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Yes, you read that right - FREE!
It's free of charge to acquire, except for the price of the CD-ROM or diskettes, or the Internet/phone-line charges to download it! It's freely re-distributable and includes a C-compiler and complete source code! It's free of restrictions on how you can use it! (...although reselling it commercially does impose restrictions on what you can sell and how you sell it.)
"It" is called "FreeBSD" ("UN*X" on Intel). (Further information on FreeBSD...) It's based on 4.4BSD from the University of California at Berkeley.
FreeBSD is a high-performance operating system that can be used for a web server, intranet server, database server, file server, print server, even a development machine for your commercial software products ... ANY use you might have. All it costs is the price of the machine on which you run it and the cost to acquire it (CD-ROM or download)!
Well, because there is currently no "affordable" OpenVMS for the small, home-based software developer, web-page author, web-site host, ISP, etc. Of course, there is the A.S.A.P. program at Digital, if you're looking to develop OpenVMS software or other products for Alpha (only), have in the neighborhood of $6,000 for an Alpha workstation and can afford upwards of $600 in annual expenses for license renewals and such.
...and, of course, there is no OpenVMS-x86, OpenVMS-Intel, or whatever they would have called it!
Well, to put it simply, it's hard to find a download site for Linux that's organized in such a straight-forward manner as the FreeBSD download site and it's mirrors. Most of the Linux download sites we've found present a "chicken and egg" problem - you can't download and install a Linux distribution until you download and install a Linux distribution. You must already be running Linux, BSD or the like, or at least Windows/95 - ANYthing that supports "long file names".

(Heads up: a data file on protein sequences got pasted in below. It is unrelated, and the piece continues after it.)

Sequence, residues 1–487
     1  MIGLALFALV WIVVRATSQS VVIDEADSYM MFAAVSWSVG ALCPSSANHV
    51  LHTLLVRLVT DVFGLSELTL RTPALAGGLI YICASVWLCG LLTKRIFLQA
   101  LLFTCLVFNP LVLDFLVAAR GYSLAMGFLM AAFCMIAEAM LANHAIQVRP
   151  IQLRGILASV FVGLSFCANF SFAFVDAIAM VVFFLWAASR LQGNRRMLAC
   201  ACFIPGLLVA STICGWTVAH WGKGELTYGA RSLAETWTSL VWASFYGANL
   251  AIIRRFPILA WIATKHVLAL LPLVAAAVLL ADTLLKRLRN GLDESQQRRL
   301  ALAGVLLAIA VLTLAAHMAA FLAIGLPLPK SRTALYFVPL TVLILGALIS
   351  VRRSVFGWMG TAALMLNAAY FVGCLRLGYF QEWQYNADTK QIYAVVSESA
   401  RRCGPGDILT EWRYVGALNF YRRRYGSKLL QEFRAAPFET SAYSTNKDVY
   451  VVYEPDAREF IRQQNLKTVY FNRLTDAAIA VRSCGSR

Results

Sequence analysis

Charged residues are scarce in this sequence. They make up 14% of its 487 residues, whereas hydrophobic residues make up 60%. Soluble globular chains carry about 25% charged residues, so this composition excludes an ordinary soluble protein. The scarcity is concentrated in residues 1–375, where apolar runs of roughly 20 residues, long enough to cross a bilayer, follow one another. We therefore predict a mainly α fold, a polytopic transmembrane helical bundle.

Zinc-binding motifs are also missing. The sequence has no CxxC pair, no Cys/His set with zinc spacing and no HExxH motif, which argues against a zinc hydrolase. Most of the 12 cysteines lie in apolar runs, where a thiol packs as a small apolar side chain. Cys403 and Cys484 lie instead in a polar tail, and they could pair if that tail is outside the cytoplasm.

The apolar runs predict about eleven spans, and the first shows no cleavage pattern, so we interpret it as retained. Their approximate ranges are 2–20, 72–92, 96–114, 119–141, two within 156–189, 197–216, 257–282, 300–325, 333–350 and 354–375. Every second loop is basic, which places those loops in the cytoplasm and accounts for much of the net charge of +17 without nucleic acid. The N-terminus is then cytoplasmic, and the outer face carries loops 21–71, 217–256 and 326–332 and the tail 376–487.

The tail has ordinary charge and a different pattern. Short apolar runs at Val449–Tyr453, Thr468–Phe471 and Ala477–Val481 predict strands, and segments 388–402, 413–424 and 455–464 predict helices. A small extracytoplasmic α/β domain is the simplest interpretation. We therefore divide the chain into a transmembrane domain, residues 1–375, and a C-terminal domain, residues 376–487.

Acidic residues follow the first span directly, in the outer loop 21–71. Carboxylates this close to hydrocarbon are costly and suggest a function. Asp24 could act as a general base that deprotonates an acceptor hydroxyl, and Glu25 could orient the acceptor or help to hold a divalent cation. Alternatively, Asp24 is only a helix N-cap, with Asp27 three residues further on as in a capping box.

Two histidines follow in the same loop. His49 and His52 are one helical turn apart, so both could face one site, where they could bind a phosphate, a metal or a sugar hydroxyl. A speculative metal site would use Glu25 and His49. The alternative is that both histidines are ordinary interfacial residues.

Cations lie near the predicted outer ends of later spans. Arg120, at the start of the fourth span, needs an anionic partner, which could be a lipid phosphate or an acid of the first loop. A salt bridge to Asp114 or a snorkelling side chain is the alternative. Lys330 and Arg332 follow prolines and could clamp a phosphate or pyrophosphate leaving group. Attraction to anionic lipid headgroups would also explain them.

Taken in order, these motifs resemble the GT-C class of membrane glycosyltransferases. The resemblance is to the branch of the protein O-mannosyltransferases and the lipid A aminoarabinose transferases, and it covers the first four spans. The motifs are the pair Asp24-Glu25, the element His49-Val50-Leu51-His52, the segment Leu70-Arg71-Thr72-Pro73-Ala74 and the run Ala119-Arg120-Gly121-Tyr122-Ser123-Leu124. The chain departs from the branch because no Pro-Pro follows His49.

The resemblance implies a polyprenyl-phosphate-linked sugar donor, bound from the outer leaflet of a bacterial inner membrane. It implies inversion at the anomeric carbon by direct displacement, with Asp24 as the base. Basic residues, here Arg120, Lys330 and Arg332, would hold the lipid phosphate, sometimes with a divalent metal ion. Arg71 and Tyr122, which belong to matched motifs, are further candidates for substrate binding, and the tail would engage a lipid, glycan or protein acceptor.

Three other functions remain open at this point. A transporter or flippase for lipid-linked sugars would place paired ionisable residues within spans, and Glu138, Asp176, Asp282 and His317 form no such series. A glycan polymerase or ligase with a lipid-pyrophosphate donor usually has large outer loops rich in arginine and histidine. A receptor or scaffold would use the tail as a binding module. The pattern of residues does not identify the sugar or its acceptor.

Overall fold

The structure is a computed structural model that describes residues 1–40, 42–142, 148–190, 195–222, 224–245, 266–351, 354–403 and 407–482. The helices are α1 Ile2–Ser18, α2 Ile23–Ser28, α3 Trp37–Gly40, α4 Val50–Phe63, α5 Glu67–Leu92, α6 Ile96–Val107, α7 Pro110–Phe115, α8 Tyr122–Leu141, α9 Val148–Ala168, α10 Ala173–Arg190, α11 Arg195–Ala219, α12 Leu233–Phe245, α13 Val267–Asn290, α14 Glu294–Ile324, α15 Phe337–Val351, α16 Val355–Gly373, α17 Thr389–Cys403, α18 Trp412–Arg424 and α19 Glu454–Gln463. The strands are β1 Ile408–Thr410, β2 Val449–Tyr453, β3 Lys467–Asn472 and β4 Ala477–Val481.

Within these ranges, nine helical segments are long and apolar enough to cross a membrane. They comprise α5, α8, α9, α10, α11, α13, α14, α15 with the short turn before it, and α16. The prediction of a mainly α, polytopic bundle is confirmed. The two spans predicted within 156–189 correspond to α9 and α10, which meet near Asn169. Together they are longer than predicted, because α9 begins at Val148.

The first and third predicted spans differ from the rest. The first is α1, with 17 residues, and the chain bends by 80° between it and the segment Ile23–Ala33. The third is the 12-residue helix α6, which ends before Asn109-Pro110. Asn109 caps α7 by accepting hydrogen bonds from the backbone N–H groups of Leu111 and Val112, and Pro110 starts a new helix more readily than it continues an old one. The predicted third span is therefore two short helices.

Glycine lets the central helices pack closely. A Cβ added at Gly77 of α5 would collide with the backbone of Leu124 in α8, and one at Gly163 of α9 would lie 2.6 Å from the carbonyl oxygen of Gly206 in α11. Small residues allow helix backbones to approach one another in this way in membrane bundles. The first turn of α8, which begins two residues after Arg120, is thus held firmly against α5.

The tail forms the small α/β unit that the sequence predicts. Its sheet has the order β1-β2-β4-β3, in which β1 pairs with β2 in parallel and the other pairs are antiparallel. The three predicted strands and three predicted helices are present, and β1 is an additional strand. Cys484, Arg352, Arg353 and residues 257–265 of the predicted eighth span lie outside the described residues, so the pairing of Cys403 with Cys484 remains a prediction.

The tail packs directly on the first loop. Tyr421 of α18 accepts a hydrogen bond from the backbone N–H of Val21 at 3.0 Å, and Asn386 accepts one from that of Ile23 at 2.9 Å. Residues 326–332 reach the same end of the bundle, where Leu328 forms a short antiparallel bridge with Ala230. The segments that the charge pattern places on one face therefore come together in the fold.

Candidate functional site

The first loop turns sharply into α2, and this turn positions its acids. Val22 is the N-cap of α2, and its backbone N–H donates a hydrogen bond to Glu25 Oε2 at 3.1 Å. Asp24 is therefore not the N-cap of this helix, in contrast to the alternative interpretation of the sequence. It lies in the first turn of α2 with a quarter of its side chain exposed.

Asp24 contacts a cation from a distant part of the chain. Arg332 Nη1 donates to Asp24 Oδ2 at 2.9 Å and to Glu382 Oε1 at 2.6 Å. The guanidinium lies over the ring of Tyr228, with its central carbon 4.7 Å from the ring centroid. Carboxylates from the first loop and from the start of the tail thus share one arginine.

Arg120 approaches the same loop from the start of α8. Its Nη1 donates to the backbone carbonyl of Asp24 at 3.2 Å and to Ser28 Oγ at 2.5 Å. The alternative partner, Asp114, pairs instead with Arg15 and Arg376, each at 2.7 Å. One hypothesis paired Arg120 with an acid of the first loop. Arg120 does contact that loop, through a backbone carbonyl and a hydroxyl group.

Check out our Linux page - we've added links to a couple of useful sites. One (Slackware Linux) has a base system that is suitable for downloading to an "8.3" system (DOS/Windows). Another (Caldera OpenLinux) has a downloadable base system that's suitable for installing from a DOS partition. (We've tried neither of these - if you try either of them, let us know how you fare!)
FreeBSD.org, at least, understands that when you download FreeBSD for the first time, you probably won't be running FreeBSD. The install CD-ROM (from Walnut Creek) and the FTP site include programs for starting up FreeBSD while running DOS, and the distribution file names all conform to the DOS limitation of "8.3". Most of the Linux sites we've found break this one key rule, thus exacerbating the "chicken and egg" problem.
You can get FreeBSD from it's home site, http://www.freebsd.org . The links here on our site all point to the V2.2.7-RELEASE version of FreeBSD. As of this writing (April 1998), V2.2.7 has just been released.
The FreeBSD Handbook (including installation information) and FAQ (Frequently Asked Questions) are both available in HTML ("web page") form. We've massaged them so that you can view them off-line with Netscape, Mosaic, Internet Explorer or other Windows web browsers - even DOS Lynx! You'll find the Handbook HTML and the FAQ HTML files in .ZIP archives here on our web site. You may need to "right click" these links and select a "Save Next Link As..." or similar option.
Great News! The FreeBSD Handbook (including installation information) and FAQ (Frequently Asked Questions) are now both available in PDF (Adobe Acrobat) format! Nice Going, Folks!
Watch this web site for more goodies for FreeBSD!
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